In the assay to induce phytoalexins, seeds of the Crioula Carioca bean variety were first disinfested in 1% sodium hypochlorite solution (5 min), and then washed in sterile distilled water. Seeds were sown in autoclaved sand (120 °C; 20 min) and kept in incubation (24 °C; in the dark). After sowing (7 days), four hypocotyl segments (about 5 cm) were packed in Petri dishes containing filter paper moistened with sterile distilled water. Then, treatment solutions were sprayed onto the hypocotyls. Petri dishes were incubated in a germination chamber (25 °C; in the dark). After 48 h, the hypocotyls were transferred to 20-mL tubes containing 70% ethyl alcohol (10 mL) for phytoalexin extraction. Tubes were kept refrigerated (4 °C; 48 h) and then stirred (1 h). Phaseolin content was determined using a spectrophotometer (l=280 nm), according to the methodology proposed by DIXON et al. (1983), with modifications. To evaluate the protective effect of EEP, common bean plants cv. Crioula Carioca were cultivated in 2-L pots containing soil, organic matter, and sand (2:1:1), and were then kept in a controlled greenhouse. Treatments started when the plants presented two trifolia. The EEP concentrations (0, 0.5, 1.0, 2.5, and 5.0%) were applied by spraying on the first bean trifolium. Three days later, the treated leaves (including the second bean trifolium) were sprayed with a suspension of X. axonopodis pv. phaseoli (1 x 108 UFC mL-1). After the symptoms appeared (10 days), the severity of the disease was evaluated using the QUANT v.1.0.1 (UFV) computer program (VALE et al., 2001).

Treatments to evaluate the synthesis of defense enzymes in common bean plants were as follows: 5% of EEP in distilled water and alcoholic solution (1% ethanol), which were applied in the first trifolium. The following disks were collected: 8 leaf discs (diameter: 2 cm) of each plot, 4 discs of the treated trifolium, and 4 discs of the untreated trifolium. The discs were collected 0, 24, 48, 72, and 96 h after treatments were applied, packed in an aluminum foil, and kept at -20 oC until the biochemical analyzes were performed. The activities of polyphenol oxidase and phenylalanine ammonia-lyase were determined according to the methodologies proposed by DUANGMAL & APENTEN (1999) e UMESHA (2006), respectively. Tests (five replicates) were conducted in a completely randomized design, with distilled water (control) and ethanol solution diluted in distilled water (1% ethanol). After the results were obtained, variance analysis followed by regression analysis was performed. The analyzes were performed using the Sisvar program (FERREIRA, 2007).


In the assay of EEP antimicrobial activity on phytobacteria, a decrease was observed in the development of both species (Figure 1A). The exponential curve showed inhibition of bacterial growth with the lowest EEP concentrations, and total inhibition with 5.0% concentration. A 77.3% inhibition, relative to the treatment without propolis (1% ethanol), was observed with 0.5% concentration, which was more expressive (96.8% and 99.1%) on X. axonopodis pv. phaseoli with 2.5% and 5.0% concentrations, respectively. A similar result was observed in P. syringae pv. tabaci (Figure 1B). The highest inhibition (99.6%) for this bacterium was observed at 5% concentration.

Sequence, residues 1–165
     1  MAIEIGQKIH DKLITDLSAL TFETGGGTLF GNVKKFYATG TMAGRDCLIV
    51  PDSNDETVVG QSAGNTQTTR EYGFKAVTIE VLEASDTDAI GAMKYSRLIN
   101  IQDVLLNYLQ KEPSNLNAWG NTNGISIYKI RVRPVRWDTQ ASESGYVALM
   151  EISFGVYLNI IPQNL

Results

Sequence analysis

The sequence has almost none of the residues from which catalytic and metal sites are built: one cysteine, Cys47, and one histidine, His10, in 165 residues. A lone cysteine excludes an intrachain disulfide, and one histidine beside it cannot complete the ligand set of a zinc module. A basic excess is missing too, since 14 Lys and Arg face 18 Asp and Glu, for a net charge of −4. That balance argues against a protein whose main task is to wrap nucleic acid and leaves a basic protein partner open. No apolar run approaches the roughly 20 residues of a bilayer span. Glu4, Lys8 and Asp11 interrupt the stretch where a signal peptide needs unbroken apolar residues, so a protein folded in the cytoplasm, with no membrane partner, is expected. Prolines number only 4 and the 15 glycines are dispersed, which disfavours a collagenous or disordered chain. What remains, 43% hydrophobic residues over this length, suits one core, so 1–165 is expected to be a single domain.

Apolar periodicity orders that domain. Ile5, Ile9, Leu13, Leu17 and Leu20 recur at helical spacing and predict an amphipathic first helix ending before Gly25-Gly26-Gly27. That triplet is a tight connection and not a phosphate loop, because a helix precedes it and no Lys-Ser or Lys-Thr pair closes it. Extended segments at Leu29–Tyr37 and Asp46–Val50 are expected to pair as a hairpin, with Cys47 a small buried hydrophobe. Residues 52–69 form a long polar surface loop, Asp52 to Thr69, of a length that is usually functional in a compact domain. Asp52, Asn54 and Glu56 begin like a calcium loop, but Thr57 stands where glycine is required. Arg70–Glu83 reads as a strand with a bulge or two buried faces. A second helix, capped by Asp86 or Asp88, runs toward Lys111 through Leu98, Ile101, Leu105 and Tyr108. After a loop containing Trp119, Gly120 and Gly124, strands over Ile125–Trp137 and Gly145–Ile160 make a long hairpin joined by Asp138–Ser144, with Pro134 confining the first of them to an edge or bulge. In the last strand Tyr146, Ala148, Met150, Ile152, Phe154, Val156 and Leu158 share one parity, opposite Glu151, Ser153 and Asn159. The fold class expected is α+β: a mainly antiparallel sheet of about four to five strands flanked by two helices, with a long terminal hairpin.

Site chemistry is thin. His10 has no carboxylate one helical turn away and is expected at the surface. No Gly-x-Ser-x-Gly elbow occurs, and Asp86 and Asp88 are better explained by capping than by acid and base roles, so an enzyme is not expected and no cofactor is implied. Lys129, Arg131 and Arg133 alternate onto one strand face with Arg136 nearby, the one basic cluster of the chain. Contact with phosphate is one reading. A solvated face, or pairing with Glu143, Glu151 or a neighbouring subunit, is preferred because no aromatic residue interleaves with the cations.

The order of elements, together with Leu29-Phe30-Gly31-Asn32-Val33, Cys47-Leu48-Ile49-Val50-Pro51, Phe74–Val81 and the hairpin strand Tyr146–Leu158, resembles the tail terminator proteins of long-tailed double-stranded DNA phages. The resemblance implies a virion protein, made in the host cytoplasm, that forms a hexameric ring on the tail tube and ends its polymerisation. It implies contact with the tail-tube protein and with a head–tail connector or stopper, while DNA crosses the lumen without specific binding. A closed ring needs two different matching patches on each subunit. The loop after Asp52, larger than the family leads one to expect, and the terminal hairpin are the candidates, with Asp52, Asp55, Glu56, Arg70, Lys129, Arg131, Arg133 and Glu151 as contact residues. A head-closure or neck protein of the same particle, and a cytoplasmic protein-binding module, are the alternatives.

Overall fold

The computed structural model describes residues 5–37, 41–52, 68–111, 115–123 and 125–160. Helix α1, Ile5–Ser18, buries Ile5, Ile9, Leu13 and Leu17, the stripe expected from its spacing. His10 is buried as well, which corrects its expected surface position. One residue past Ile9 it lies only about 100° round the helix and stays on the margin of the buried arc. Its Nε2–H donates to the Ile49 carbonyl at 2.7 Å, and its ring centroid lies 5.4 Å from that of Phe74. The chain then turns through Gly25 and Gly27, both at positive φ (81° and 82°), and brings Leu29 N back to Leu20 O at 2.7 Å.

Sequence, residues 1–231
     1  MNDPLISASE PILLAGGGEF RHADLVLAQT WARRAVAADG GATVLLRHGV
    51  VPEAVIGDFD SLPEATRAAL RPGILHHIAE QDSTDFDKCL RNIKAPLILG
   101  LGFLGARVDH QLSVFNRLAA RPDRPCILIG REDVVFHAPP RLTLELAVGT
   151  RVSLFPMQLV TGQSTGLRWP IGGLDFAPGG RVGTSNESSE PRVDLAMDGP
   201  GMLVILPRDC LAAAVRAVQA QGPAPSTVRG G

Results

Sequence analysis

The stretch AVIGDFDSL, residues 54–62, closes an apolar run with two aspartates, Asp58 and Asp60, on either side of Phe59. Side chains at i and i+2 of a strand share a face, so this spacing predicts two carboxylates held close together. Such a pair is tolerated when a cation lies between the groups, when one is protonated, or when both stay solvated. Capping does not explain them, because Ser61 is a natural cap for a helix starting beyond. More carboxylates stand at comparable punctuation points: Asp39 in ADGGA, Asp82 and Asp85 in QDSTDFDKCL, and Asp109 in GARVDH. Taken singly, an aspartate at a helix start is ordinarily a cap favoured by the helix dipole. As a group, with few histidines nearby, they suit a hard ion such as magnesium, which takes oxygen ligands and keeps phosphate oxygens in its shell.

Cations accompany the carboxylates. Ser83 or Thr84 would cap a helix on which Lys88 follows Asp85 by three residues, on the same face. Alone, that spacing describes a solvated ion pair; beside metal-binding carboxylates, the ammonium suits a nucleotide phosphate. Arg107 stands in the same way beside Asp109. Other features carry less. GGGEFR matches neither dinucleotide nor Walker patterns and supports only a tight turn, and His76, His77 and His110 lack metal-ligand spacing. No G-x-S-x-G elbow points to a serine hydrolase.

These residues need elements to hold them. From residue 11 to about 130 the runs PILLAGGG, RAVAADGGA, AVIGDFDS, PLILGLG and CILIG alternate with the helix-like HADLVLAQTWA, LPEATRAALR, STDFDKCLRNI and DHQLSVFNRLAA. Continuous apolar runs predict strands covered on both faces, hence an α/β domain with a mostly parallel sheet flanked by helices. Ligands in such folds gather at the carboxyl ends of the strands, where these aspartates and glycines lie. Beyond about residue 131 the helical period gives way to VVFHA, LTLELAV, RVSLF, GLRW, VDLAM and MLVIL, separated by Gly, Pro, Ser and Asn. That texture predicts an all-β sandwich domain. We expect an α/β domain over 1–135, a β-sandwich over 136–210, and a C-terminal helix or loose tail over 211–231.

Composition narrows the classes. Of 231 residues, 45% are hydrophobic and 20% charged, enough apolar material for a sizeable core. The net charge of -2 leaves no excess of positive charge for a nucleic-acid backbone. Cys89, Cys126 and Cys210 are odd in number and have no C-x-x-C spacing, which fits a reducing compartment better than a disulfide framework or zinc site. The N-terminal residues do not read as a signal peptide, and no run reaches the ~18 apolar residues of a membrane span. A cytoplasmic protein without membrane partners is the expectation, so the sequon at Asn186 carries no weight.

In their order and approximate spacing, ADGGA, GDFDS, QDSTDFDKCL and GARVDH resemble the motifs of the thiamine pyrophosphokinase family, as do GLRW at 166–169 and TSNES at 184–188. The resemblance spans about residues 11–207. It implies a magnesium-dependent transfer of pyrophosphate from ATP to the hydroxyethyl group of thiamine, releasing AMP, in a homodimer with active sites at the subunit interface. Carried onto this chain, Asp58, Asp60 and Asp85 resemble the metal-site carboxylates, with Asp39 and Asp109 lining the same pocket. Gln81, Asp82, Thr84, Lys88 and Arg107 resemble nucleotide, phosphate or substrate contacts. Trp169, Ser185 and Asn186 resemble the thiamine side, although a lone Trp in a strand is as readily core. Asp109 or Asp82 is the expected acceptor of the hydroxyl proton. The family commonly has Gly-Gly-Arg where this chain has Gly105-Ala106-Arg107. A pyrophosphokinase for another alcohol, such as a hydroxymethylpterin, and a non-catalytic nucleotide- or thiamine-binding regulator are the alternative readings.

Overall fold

Figure 1 Antimicrobial activity of different concentrations of green propolis ethanolic extract (EEP) on Xanthomonas axonopodis pv. phaseoli (A) and Pseudomonas syringae pv. tabaci (B). 

The propolis antimicrobial effect is already well known, but mainly on bacteria of medical importance (CHEUNG et al., 2011). BALDIN et al. (2014) evaluated the effect of crude propolis ethanolic extract on X. axonopodis pv. phaseoli and observed inhibition of bacterial development, with greater effect in higher extract concentrations. JARDIM et al. (2014) observed a high antimicrobial potential of green propolis in the effect on Staphylococcus aureus in vitro. Use of green propolis in agriculture is still poorly understood. The biological activity of green propolis has been mainly attributed to phenolic compounds, which are also abundant in Baccharis dracuncunlifolia, its main botanical source. Bacarin, aromadendrin-4’-methyl ether, and artepilin C have been highlighted among the active compounds of green propolis (SIMÕES-AMBROSIO et al., 2010).

Regarding phaseolin induction, an increase in the accumulation of this phytoalexin was observed with increase in the EEP concentration used (Figure 2). Phaseolin production was higher than 152% with 5% concentration, relative to the treatment without EEP (1% ethanol).

Figure 2 Induction of phaseolin production in common bean (Phaseolus vulgaris) hypocotyls by different concentrations of green propolis ethanolic extract (EEP) (A). Percentage of area injured by Xanthomonas axonopodis pv. phaseoli in bean (Phaseolus vulgaris) trifolia treated and not treated with different EEP concentrations (B). 

Induction of phytoalexins by propolis is still little known. In one of the few studies on this subject, GUGINSKI-PIVA et al. (2015) observed that propolis non-alcoholic extract promoted phytoalexin glyceolin accumulation in soybean (Glycine max) cotyledons, which was proportional to concentration used. BALDIN et al. (2014) also observed a linear increase in phytoalexin induction in common bean hypocotyls using brown propolis ethanolic extract. Regarding phaseolin induction with the use of green propolis, our results agreed with those obtained in studies cited here.

The EEP promoted a significant decrease in the area injured by the common bacterial blight (X. axonopodis pv. phaseoli) in bean plants, in both treated and untreated trifolia, indicating the local and systemic effect of propolis on plants. At 5% concentration, a decrease was observed in treated (71.0%) and untreated leaves (75.3%).